Asplenium – Although many ferns in this group look fairly ‘normal’, the most striking are ones that have simple fronds like long green leaves. The most common in gardens is the Hart’s-tongue Fern, Asplenium scolopendrium, which forms a cluster of foot-long leaves from a central crown. It’s very hardy, and often grows well in rock cracks. Indoors you will often see the Bird’s Nest Fern, Asplenium nidus, a beautiful sub-tropical fern that forms a big green ‘nest’ of broad leaves.
Athyrium – a large group with many garden plants in it, these are mostly deciduous ferns, and two are widely grown in gardens. The Lady Fern, Athyrium filix-femina, is a classic-looking fern that is 2 or 3 feet tall, making attractive clumps. Look out for the variety called ‘Lady in Red’ which has bright red stems. The other popular species is the Japanese Painted Fern, Athyrium niponicum ‘Pictum’, a beautiful smaller fern that has unique elegantly-divided fronds that are striking silver-green, with maroon-red stems, that color spreading into the fronds as well. Besides the original form there are several newer selections with other leaf colors. Check out the ‘Godzilla’ Painted Fern, which is a hybrid with leaves up to 3 feet long – a striking and majestic specimen.
Christella – even if you know ferns a little you might not recognize this name, which isn’t surprising. These ferns have gone through several name changes before ending up here. The one most often grown is the Southern Shield Fern, Christella normalis, which used to be known as Thelypteris kunthii. As the name suggests it’s a fern that does well in the heat and humidity of the southeast, where others fade away. It is a larger fern perfect for planting beneath trees and large shrubs, and in natural gardens.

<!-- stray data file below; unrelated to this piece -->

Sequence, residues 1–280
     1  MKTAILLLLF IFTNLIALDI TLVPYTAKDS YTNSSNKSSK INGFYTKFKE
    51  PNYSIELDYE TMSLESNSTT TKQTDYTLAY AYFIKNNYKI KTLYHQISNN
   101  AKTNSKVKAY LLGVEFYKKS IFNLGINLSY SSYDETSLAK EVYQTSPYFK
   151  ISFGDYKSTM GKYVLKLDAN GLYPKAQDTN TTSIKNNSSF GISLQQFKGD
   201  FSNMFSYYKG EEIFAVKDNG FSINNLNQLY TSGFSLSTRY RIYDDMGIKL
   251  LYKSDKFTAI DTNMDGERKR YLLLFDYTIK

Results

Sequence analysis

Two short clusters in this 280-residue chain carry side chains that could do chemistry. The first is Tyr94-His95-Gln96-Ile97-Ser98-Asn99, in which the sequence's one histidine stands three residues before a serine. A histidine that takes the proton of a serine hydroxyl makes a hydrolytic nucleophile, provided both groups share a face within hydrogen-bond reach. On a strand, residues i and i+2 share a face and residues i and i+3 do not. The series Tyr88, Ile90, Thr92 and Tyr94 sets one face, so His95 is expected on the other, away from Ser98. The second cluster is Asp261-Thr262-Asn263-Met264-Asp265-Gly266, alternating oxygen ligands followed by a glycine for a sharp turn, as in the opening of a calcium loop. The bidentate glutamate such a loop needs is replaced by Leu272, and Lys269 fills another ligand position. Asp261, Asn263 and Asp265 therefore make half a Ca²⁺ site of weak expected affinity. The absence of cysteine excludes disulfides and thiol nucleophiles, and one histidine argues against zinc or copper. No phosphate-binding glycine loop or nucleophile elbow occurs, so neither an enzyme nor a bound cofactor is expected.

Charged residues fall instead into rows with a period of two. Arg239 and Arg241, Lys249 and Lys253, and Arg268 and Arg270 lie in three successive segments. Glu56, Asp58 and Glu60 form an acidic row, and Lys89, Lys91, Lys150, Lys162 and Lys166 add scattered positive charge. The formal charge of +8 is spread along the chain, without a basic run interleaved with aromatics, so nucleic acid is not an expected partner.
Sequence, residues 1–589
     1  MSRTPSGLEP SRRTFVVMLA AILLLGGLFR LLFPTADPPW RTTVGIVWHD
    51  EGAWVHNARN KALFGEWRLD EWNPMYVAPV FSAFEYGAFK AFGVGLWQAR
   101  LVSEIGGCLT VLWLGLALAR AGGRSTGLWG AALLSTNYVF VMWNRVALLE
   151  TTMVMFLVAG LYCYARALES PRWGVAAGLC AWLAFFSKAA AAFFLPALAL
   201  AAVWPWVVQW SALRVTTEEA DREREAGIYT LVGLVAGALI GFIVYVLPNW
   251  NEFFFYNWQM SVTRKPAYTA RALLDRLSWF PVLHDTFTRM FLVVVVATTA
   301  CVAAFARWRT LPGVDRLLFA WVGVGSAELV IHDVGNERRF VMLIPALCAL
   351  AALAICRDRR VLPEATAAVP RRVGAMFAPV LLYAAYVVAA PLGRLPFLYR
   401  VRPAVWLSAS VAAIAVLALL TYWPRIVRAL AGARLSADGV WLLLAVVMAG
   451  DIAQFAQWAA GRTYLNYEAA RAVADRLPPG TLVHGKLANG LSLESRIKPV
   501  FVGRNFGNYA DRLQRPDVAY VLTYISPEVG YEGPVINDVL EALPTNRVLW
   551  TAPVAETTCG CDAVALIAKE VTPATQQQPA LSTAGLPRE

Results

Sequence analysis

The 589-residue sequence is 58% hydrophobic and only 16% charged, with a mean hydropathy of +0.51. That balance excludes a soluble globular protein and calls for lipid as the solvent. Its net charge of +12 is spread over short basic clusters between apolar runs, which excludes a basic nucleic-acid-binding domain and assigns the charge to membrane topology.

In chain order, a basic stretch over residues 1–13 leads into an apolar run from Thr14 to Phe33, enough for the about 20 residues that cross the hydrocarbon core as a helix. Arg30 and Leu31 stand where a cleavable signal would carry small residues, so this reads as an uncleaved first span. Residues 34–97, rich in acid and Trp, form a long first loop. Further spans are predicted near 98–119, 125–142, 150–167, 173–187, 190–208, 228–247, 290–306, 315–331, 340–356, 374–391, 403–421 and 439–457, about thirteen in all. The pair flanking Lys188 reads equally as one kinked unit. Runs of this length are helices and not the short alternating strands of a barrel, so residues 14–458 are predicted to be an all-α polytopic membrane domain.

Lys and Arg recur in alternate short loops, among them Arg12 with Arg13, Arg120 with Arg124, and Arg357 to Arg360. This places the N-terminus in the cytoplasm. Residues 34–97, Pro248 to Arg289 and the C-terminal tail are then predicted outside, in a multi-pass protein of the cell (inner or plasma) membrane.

Cyrtomium – if you like bolder plants, then these are the ferns for you. The pinnules are unusually large and leathery, giving these plants the name of Holly Ferns. The tough leaves also make these more drought-resistant, and create a striking, bold statement in your garden. For warmer zones choose the popular Japanese Holly Fern, Cyrtomium falcatum, and in cooler zones you can grow the very similar-looking Fortune’s Holly Fern, Cyrtomium fortunei.
Dryopteris – a very large group of ferns – up to 400 species are recorded – these are big, bold ferns that look great in the garden. The Male Fern, Dryopteris filix-mas is often seen (yes, it was once thought to be the partner of the Female Fern), with its bold, upright fronds. Also lovely is the Autumn Fern, especially in a variety that has amazing gold and orange new stems. Called Dryopteris erythrosora ‘Brilliance’, it’s a striking garden plant of great beauty.
Matteuccia – the Ostrich Fern, Matteuccia struthiopteris, is the only fern in this group, and it’s one that is well-known in northern gardens. A bold fern also called the Shuttlecock Fern, it has unique sterile fronds that are hardy and clenched-looking, forming interesting winter effects after the other fronds have died.
Osmunda – this is a small group most well-known for the tall Royal Fern, Osmunda regalis. Growing up to 6 feet tall this is one for the waterside, as it will grow right in water, and grow taller there too.
Polystichum – a very large group of ferns (about 500 species), growing all around the world, this is a rich group to dig into for gardens. The most common is the Soft Shield Fern, Polystichum setiferum, a European native that is most notable for the many selected forms with incredibly fine foliage, often like clumps of feathers. These are great for adding soft texture, and also for pot-growing, where their fine beauty can be admired up close. Another valuable one is the Tassel Fern, Polystichum polyblepharum, a medium-sized and easy-to-grow fern notable for the way the tips of the young fiddleheads arch over like tassels, instead of forming the usual ‘clenched fist’ look, It’s an attractive evergreen fern for damp shade.